The 6-Level Model to Pick the Next Task (GTD)
Having a system to help you choose what to tackle next will save you time and stress.
Want instant access to all productivity hacks (300+ hacks) since the start of this newsletter? Get it here.
The second model in David Allen’s GTD book to help you determine the very next thing you should do is the “Six-Level Model”.
The second model is a higher-level one, and it takes the things you do and shows you how they fit in the context of your life. The actions you perform funnel into projects, which support the stuff you’re responsible for, which support your medium- and long-term goals, which support your life. (In this context, “project” is a group of tasks that involves more than a few simple to-dos.)
Each level of the model are (from bottom to top):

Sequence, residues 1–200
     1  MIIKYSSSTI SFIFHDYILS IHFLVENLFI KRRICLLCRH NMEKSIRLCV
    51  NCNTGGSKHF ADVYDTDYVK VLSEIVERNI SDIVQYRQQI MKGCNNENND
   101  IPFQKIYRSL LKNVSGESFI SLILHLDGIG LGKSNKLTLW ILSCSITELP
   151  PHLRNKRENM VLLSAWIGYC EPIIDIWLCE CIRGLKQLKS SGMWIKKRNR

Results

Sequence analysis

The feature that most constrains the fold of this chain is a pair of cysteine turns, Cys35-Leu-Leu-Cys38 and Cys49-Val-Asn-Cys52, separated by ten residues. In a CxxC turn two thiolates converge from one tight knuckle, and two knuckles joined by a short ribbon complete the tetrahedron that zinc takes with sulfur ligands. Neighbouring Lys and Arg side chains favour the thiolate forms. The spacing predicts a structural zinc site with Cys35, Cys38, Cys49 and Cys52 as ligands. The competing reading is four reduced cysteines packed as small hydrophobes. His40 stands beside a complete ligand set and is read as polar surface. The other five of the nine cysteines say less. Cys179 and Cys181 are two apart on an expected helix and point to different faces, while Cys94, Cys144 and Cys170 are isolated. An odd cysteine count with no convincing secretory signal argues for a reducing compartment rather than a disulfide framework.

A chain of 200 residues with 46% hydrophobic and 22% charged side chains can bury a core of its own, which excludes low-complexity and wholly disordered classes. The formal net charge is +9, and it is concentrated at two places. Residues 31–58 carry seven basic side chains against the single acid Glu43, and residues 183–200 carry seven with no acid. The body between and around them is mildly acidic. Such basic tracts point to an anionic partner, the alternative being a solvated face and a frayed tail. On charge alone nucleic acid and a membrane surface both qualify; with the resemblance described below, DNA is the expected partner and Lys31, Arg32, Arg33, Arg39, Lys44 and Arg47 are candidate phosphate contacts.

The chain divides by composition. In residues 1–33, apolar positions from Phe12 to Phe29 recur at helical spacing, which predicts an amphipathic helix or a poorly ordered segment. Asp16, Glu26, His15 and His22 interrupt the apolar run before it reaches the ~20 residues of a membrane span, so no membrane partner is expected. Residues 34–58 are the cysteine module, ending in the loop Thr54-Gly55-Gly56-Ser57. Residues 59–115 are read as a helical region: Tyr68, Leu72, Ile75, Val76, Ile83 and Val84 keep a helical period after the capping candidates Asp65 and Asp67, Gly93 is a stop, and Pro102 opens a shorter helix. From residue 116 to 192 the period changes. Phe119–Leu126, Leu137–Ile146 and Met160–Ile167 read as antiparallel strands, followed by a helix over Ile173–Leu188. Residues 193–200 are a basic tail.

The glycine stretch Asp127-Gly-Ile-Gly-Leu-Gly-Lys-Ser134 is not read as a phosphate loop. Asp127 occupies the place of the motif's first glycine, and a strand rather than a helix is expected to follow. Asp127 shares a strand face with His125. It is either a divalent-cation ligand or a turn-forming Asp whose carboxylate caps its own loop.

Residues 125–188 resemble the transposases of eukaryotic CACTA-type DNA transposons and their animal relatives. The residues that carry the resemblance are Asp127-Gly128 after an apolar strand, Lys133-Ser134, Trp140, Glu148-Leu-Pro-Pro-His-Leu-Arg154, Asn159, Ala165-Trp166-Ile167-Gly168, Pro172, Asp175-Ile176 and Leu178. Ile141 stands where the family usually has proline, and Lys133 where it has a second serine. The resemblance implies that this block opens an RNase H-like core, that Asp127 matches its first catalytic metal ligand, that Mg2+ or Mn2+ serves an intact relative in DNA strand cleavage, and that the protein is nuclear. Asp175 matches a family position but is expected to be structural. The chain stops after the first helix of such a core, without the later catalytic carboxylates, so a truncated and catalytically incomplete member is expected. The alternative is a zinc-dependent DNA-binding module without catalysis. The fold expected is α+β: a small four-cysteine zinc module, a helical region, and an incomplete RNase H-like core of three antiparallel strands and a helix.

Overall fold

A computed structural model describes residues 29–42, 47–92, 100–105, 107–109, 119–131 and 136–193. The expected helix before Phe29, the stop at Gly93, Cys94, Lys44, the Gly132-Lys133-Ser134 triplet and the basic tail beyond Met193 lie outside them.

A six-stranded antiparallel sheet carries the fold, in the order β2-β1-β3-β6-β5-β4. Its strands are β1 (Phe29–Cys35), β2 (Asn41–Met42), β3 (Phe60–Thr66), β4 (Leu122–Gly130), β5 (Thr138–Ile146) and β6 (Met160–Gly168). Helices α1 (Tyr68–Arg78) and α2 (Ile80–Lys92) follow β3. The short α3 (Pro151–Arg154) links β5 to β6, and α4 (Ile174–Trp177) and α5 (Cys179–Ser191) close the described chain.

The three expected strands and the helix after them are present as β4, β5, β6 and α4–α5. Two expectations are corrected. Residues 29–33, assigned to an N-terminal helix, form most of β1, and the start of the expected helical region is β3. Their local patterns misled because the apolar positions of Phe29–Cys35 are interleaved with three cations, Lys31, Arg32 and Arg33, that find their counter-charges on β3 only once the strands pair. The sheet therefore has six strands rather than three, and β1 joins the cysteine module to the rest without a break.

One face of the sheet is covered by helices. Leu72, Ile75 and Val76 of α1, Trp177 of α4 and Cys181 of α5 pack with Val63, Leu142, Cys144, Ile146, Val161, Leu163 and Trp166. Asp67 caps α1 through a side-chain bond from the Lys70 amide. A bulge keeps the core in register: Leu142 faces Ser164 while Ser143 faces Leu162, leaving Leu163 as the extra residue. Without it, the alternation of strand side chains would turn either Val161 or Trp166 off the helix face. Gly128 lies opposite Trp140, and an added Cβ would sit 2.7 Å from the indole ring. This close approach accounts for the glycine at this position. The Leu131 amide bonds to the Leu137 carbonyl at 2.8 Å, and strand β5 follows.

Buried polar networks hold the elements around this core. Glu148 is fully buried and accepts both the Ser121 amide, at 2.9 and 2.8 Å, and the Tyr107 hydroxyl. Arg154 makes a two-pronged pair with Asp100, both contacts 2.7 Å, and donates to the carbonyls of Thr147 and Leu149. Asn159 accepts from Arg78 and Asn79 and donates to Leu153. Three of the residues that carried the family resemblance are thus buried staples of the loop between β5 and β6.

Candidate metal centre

Runway – Actions The stuff on your to-do list, phone calls to make, errands to run, emails to send, people to meet with, and more
10,000 Feet – Projects The projects that your actions funnel into – cleaning your house, buying a new phone, or planning a vacation, for example
20,000 Feet – Responsibilities Another level up – the responsibilities that your projects funnel into. For example: At work – administrative, developing new products; at home – house maintenance, health, finances, raising your kids
30,000 Feet – 1-2 Year Goals Your medium-term goals. In other words, what you are hoping to accomplish with your “areas of responsibility”
40,000 Feet – 3-5 Year Vision Now we’re reaching pretty high altitudes. This level is your vision, and it includes expected career transitions, and longer-term financial and family changes
50,000 Feet – Life Why am I here? Why am I working for (Insert Company Name)?
I personally don’t think this model is worth using every day, but it is definitely worth using – I use it about once a week. Though it gets cloudier the higher you move up the model (how often do you think about your 3-5 year goals?), the higher you go the more worthwhile questions you ask of yourself.
When you understand the larger projects, responsibilities, and goals your actions feed into, it’s very easy to determine if your actions are worthwhile, or whether you’re just doing whatever is easy.